Split docket: TSA legislation and user fees

As we move towards the national elections this November, it’s time to energize our general aviation community once again. There are two issues to examine and let our elected representatives in Washington know how we feel. One issue is the perfect storm: User fees. The second issue is an opportunity to have Congress send to the President’s desk the Air Travelers’ Bill of Rights.

I’m not going to belabor the user fee issue. It’s a no-brainer. If you increase the cost for flight operations by injecting a new cost per flight for turboprop and jet aircraft, then the number of flights goes down because fewer people will be able to afford the total cost. If the number of flights goes down, then fewer aviation goods and services are consumed. When consumption goes down, prices go up due to lost economies of scale and jobs are lost or go unfilled. As prices go up, even fewer flights are flown. The snake eats its tail.

User fees = bad results. Simple! Now let’s move on to the second issue.

Why should our GA Community get behind a piece of legislation that deals with the airlines and ticketed passengers? On the surface the Air Travelers’ Bill of Rights does not appear to involve general aviation. This bill deals with the administrative searches and other administrative authorities which the U.S. Transportation Security Administration (TSA) uses to get around the search without probable cause doctrine within the Fourth Amendment to the U.S. Constitution, part of the U.S. Bill of Rights. This piece of the Constitution guarantees protections against unreasonable search and seizure based upon the concept of probable cause. Dealing specifically with the use of checkpoints, the U.S. Supreme Court ruled that discretionary or general crime-fighting checkpoints are not allowed (City of Indianapolis v. Edmond, 531 U.S. 32 (2000).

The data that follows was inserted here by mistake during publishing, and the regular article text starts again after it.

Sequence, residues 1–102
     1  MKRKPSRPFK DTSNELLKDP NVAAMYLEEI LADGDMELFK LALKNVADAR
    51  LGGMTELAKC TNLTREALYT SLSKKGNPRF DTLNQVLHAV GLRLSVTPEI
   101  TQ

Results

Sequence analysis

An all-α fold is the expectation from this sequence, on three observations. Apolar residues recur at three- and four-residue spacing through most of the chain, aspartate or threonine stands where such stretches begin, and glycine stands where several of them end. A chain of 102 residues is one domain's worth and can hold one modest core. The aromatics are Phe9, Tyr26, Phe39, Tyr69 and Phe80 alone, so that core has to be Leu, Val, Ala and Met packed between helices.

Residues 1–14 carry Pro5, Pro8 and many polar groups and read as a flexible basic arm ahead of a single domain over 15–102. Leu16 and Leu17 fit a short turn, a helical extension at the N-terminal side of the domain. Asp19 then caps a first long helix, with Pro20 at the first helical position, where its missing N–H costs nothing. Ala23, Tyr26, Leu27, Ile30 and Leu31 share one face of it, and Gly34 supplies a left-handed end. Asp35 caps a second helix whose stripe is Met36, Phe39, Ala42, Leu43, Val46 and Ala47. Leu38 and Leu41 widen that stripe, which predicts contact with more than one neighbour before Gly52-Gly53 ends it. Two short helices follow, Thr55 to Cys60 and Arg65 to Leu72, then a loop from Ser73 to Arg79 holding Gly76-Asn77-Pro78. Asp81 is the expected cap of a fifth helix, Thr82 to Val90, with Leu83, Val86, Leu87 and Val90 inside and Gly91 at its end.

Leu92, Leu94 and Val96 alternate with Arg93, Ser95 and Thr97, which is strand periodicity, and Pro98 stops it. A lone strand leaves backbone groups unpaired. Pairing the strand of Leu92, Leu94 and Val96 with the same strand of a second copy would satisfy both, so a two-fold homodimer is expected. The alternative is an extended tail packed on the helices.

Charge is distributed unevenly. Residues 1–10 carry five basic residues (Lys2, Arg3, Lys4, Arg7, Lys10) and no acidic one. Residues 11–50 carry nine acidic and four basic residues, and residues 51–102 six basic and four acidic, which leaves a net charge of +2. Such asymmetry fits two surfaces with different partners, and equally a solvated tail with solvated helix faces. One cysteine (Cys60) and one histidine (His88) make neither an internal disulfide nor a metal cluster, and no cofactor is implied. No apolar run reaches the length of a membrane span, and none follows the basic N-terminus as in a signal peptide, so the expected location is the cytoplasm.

I’m not trying to make this a legal brief. But I want to make sure that we’re all on the same flight plan. There is a legal basis for concern on the use of administrative searches at security checkpoints.

So how many of you out there have been asked by officers and inspectors of the TSA to provide for their inspection your airman and medical certificates in accordance with 14 CFR 61.3 and 49 CFR 1540.113? But how many of you who are not under a mandatory TSA security program like the Alien Flight Training Security Program or the 12-5 Security Program have been asked to present additional documents? Did you think they went too far? Did you provide them what they asked for because that’s what you thought a good American should do?

The Air Travelers’ Bill of Rights Act , known as S. 3302 in the Senate and H. 6449 in the House, is a legal Swiss Army Knife with 17 tools to legislate controls on how the TSA conducts its security checkpoint searches. Looking at this bill from desktop height, it deals with ticketed passenger security checkpoints; however, from 30,000 feet one sees that this legislation narrows the administrative authorities which have been used to skirt the probable cause doctrine of the Fourth Amendment. It is this narrowing of TSA’s administrative authority that is the benefit to general aviation.

It’s voting season. Let your members of Congress know what you think about user fees and the Air Traveler’s Bill of Rights.

Fly safe, and be secure!


Dave Hook, an expert on general aviation security, is president of Planehook Aviation Services, LLC in San Antonio, Texas.

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